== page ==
When Krogstad returns the IOU with the forged signature, Torvald is overjoyed because “[they] are both saved! ” however, consciousness has already turned in Nora. She can no longer fathom sacrificing her independence and honor for men who treat her as a mere possession, or living in society where “a woman has no right to spare her old father on his death-bed, or to save her husband’s life” (Ibsen 83). She decides to leave Torvald and “think things out for [her]self,” slamming the door on the dollhouse behind her, liberating herself from subservience and achieving final enlightenment (Ibsen 83).
While Nora steps out of the dollhouse’s darkness and into the light of freedom and consciousness, Mrs. Linde takes a turn in the seemingly opposite direction. After reconnecting with Krogstad, the man she loved but left to marry her then-husband, Mrs. Linde begs him to “give [her] somebody and something to work for” because being “completely alone in the world [makes her feel] empty and forlorn” (Ibsen 64). Nora decides that in order to be true to herself, she must “learn to stand alone” and thus rejects her husband and family. Mrs.
Linde, on the other hand, decides she needs to be a mother and wife for the man she truly loves, in order be authentic and achieve happiness. Though it may seem as a reversion into socially dictated norms, Mrs. Linde’s desire for a husband and family to “work” and care for is actually a transformation much like Nora’s. Ibsen uses Mrs. Linde to demonstrate that Nora’s actions do not constitute the only solution available to women who feel trapped by society. Mrs. Linde’s offer to care for Krogstad and his children will be a positive move for both of them, ecause they love each other and are entering the relationship as equals. Unlike Torvald and Nora’s marriage, there is no hierarchy in Krogstad and Mrs. Linde’s relationship, as they are both “castaways” who “join forces” because they need each other (Ibsen 64). Mrs. Linde, having sacrificed her whole life to live with a man she didn’t love in order to help her brothers and mother, will finally be able to live with her chosen partner. Nora, on the other hand, had sacrificed her own will all her life by allowing her father and Torvald to fulfill theirs, and finally breaks free. In the end, Nora and Mrs.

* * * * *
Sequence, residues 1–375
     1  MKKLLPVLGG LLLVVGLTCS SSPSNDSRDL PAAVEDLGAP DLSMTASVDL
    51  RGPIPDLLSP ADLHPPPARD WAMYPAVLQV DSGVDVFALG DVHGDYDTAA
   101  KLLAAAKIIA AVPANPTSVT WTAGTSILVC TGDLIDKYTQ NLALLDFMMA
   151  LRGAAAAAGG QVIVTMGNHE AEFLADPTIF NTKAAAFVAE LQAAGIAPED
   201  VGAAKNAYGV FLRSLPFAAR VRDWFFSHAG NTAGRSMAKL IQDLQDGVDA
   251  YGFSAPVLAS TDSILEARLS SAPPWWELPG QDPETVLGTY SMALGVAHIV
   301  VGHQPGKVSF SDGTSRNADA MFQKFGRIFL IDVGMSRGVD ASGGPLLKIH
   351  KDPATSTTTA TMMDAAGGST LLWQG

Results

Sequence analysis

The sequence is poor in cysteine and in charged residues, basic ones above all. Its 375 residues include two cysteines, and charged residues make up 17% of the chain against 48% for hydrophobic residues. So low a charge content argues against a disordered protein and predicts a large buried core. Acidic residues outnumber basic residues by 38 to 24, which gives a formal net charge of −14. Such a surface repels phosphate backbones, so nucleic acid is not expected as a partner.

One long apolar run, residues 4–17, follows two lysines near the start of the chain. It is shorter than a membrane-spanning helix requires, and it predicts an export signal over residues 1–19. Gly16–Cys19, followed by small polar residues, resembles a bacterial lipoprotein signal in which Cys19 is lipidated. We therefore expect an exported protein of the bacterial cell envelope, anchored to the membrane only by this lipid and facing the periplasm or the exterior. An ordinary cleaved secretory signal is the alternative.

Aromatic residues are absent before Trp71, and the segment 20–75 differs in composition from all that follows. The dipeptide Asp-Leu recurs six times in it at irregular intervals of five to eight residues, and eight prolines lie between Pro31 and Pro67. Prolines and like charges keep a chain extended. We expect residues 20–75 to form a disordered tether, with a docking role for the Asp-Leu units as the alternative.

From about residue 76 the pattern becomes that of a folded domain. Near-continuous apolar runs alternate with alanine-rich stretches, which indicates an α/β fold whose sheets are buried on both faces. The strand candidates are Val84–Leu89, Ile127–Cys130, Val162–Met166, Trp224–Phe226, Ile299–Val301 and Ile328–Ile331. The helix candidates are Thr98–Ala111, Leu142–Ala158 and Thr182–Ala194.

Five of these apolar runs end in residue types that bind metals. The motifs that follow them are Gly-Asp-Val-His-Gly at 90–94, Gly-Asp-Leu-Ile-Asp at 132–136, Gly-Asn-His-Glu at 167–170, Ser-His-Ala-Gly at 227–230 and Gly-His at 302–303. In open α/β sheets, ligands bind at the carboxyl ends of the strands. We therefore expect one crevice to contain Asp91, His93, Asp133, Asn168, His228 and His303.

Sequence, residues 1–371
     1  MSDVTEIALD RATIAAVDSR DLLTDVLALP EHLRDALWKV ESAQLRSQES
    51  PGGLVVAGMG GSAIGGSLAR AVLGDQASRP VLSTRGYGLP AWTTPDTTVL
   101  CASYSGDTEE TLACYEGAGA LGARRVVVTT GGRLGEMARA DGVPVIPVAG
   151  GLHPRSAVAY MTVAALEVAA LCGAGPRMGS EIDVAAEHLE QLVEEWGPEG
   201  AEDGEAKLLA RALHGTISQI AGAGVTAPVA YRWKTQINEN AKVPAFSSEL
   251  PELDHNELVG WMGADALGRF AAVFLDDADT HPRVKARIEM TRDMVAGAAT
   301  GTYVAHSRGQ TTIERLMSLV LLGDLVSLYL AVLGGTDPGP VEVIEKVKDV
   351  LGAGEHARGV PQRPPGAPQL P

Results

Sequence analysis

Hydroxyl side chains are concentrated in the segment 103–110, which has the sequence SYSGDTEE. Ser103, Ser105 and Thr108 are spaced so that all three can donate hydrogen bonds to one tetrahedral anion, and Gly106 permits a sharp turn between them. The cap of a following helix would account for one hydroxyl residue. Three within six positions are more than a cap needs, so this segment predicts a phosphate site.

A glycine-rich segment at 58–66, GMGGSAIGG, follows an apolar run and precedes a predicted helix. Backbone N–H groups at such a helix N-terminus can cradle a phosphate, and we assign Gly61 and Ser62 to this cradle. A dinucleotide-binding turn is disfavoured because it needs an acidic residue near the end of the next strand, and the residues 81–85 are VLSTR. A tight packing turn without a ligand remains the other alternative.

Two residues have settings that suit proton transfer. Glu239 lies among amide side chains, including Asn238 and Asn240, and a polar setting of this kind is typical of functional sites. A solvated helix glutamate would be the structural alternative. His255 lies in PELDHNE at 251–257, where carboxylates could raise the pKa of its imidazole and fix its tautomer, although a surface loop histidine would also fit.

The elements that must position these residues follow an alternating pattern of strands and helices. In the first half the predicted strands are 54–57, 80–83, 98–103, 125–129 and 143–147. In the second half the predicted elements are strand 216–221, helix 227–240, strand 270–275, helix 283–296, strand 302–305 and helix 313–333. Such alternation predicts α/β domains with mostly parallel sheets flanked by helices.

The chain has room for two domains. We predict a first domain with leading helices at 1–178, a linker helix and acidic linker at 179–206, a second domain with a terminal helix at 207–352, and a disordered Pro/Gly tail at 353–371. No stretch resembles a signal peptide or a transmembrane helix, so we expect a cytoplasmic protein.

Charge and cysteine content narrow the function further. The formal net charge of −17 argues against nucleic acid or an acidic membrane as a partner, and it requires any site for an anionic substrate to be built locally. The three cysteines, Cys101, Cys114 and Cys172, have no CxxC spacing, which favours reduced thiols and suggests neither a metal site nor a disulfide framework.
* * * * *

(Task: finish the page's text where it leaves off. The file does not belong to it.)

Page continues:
Linde help each other reach enlightenment and freedom by setting in motion their respective transformations. Ibsen suggests that the truly free woman finds herself not in an independent life, but rather, in an independent will. Once feeling pity for Mrs. Linde’s loneliness, Nora exits her dollhouse with a door slam, embracing her choice of isolation and freedom as an opportunity to find herself. Likewise, Mrs. Linde, who has always been strong-minded and independent, asserts her freedom in society by choosing a domestic life with the man she loves, not because she is forced to, but because she wills it.